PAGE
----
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Darwinism or natural selection is based on the following principles:
  1. Overproduction
  2. Struggle for existence
  3. Variations
  4. Survival of the fittest
  5. Origin of species
An image depicting the principles of Darwinism
1.  Overproduction:
Living organisms can reproduce and geometrically form their progeny. This geometrical way leads to an increase in reproductive potential leading to the overproduction of organisms that survive. This concludes that some limiting factors should put a natural limit on the species' existence.
2. Struggle for existence:
As a result of overproduction, there is an increase in the geometric ratio of population. But the factors such as availability of food and space for the organisms to live does not change. Hence, there is always competition amongst the organisms for these limited resources leading to a struggle for their existence. Only those organisms that struggle and overcome will survive. This keeps the number of organisms stable in the environment.
The struggle for existence are of three types:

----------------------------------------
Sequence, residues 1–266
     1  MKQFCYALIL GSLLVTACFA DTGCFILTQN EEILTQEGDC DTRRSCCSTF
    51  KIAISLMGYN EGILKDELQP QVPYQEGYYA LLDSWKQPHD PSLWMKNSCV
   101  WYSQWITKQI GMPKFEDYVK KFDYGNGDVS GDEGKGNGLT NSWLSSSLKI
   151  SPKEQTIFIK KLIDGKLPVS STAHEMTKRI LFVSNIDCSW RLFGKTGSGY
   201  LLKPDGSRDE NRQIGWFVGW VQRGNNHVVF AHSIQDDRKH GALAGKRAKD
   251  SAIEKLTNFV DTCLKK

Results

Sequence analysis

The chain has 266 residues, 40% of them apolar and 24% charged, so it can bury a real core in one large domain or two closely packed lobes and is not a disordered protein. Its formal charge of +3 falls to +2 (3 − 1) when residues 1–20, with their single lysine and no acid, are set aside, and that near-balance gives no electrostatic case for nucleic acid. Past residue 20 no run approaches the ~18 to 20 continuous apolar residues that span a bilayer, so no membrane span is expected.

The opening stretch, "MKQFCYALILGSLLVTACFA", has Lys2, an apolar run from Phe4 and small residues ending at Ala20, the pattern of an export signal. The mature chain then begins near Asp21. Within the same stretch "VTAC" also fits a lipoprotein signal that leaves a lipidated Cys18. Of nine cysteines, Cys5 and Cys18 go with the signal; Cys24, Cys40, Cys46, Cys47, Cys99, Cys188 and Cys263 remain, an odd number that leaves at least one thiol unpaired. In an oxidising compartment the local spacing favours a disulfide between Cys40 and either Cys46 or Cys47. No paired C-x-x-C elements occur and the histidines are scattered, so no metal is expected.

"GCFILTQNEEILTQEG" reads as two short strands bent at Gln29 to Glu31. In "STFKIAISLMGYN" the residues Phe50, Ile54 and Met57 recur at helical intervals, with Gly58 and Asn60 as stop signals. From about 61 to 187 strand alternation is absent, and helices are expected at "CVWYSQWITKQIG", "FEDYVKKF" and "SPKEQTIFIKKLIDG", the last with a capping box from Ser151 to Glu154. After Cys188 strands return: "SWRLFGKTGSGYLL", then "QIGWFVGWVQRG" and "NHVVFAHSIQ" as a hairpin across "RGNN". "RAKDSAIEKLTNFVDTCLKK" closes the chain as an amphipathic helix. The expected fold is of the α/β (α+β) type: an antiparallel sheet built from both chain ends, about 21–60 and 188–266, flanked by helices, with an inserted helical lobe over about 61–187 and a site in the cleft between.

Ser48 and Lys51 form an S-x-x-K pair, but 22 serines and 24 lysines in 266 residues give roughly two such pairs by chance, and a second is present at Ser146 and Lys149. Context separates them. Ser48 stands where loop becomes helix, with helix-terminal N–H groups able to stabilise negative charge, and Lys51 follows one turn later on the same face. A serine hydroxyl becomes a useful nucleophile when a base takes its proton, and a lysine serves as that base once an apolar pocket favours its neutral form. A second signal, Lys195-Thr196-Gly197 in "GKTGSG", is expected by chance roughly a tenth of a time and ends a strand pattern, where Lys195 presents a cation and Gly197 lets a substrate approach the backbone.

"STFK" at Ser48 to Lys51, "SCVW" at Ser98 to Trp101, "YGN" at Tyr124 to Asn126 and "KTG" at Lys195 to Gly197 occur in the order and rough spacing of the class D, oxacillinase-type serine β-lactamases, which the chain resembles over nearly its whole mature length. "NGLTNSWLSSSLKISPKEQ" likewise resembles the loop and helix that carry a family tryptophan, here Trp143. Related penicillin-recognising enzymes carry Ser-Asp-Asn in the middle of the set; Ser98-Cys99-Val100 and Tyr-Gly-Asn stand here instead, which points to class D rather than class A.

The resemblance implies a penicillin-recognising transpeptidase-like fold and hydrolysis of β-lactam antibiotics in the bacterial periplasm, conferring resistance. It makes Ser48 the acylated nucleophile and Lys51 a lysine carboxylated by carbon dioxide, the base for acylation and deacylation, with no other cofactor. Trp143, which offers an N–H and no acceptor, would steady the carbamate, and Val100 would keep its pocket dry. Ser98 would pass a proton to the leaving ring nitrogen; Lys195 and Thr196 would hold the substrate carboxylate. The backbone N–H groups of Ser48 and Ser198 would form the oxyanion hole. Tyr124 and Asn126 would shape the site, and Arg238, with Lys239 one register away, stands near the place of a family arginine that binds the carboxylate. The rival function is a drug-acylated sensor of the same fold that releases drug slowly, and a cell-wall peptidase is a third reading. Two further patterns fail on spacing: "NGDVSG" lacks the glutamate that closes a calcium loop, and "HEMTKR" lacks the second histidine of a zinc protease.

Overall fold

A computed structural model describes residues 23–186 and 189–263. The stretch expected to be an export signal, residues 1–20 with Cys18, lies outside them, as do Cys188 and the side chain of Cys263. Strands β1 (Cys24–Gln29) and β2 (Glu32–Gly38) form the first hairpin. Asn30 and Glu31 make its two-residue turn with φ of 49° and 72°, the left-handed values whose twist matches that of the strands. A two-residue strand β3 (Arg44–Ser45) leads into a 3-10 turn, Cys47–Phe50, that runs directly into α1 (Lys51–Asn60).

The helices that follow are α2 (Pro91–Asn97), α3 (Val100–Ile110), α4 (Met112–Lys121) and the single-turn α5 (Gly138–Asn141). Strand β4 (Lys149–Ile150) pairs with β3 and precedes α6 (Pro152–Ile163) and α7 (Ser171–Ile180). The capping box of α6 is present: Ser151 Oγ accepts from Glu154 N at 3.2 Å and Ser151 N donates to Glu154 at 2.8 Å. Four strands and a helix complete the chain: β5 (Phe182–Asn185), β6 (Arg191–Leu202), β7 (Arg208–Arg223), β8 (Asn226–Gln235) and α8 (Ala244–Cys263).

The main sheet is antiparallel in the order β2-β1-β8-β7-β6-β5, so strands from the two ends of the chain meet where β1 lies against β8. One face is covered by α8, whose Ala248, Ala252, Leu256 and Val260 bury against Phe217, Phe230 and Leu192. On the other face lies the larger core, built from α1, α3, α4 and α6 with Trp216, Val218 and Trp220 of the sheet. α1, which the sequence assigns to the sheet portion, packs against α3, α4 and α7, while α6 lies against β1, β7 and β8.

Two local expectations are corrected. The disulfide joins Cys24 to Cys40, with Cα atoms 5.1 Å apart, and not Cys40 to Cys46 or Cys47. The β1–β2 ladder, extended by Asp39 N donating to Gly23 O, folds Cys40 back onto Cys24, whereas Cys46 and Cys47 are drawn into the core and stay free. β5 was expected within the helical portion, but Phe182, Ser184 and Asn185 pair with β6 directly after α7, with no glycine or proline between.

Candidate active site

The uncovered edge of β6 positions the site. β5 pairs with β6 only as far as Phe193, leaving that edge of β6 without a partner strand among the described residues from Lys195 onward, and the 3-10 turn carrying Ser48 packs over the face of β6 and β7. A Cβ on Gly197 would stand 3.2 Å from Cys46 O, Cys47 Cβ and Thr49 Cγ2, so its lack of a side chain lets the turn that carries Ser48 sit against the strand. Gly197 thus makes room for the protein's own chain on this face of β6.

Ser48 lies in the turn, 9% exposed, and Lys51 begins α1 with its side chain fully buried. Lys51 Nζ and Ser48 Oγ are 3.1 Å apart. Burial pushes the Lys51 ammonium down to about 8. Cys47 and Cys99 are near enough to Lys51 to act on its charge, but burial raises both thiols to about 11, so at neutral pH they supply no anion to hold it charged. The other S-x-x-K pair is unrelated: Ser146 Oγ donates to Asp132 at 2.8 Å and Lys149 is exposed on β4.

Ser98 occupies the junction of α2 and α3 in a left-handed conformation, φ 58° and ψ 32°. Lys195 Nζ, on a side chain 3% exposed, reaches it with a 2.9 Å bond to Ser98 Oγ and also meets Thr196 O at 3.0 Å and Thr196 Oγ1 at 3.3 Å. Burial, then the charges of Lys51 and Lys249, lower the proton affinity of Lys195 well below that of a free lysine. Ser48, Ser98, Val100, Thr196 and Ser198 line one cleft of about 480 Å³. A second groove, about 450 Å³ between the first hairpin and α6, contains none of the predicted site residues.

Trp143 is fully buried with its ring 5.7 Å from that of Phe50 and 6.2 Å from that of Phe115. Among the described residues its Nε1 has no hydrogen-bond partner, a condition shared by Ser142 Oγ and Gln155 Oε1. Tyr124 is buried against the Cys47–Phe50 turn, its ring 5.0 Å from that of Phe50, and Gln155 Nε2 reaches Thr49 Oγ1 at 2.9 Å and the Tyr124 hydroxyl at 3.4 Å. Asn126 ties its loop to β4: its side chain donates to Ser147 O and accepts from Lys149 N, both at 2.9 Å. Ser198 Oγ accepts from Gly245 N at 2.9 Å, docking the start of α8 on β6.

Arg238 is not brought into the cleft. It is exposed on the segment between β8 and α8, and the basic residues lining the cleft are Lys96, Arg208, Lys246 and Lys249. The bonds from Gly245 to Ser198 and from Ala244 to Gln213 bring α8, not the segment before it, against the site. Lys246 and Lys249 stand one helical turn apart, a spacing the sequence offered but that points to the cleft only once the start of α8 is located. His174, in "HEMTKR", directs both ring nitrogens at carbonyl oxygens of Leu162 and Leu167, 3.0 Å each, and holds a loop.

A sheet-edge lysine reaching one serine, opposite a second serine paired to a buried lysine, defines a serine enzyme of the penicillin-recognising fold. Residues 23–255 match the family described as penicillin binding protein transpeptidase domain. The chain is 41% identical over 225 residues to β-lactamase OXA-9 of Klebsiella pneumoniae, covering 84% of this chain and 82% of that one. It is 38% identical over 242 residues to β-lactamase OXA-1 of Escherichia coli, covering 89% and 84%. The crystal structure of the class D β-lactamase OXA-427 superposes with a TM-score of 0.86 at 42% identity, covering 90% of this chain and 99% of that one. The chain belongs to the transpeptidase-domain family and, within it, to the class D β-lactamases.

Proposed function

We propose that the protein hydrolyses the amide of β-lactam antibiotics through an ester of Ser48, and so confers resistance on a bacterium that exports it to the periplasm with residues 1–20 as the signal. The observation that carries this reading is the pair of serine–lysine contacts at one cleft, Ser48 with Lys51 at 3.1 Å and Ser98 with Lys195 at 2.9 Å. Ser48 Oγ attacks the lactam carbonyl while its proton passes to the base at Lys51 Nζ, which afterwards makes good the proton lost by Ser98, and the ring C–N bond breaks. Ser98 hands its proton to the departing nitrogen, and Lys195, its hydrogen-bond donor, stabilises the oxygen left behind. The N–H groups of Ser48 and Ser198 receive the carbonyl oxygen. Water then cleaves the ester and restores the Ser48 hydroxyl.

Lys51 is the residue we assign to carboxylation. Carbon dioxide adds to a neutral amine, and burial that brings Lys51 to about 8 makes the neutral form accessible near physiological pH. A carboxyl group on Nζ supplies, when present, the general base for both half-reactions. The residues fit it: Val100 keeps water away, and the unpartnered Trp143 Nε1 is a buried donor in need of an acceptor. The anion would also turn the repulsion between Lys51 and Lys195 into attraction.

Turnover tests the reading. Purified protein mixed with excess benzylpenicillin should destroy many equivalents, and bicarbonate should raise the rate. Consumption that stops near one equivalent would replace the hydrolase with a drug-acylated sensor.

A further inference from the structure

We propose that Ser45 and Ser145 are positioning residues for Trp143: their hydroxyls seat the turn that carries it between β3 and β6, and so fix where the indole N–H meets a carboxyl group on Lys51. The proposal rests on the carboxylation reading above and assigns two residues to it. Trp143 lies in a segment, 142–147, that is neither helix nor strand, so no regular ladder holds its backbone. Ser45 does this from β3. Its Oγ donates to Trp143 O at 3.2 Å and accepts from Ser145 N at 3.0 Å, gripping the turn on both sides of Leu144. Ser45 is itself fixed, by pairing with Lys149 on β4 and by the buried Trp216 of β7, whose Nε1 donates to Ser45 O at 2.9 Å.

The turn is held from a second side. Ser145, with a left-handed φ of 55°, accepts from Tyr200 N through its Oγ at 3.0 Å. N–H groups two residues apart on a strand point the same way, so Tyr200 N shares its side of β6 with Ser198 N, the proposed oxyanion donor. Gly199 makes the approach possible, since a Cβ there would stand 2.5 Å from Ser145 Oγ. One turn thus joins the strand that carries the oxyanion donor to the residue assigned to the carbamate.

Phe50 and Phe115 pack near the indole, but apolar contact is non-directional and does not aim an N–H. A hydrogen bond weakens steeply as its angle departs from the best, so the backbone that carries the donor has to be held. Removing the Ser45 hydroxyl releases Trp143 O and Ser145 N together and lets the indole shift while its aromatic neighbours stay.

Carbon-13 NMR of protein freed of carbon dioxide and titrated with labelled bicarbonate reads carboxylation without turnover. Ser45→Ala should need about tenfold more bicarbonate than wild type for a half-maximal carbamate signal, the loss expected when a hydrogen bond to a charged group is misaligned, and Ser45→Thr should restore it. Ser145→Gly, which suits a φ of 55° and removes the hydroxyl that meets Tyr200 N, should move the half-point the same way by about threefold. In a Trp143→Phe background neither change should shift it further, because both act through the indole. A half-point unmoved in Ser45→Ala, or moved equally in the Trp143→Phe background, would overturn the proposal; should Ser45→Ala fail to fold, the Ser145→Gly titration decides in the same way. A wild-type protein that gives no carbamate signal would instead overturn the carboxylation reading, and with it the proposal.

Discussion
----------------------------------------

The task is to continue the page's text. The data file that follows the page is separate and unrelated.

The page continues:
• Intraspecific struggle: The competition for resources such as food, shelter, breeding places, etc., among the organisms of the same species is known as intraspecific struggle.
Image showing the intraspecific struggle between organisms of the same species
  • Interspecific struggle: The competition for resources such as food, shelter, breeding places etc., among the organisms of the two different species living together is known as interspecific struggle. Animals preying on other animals is an example of this.
Image showing the interspecific struggle between organisms of different species
  • Environmental struggle: The struggle the organisms face due to environmental factors such as drought, heavy rains, extreme heat or cold, earthquakes and other natural calamities is known as environmental struggle.
Flood due to heavy rains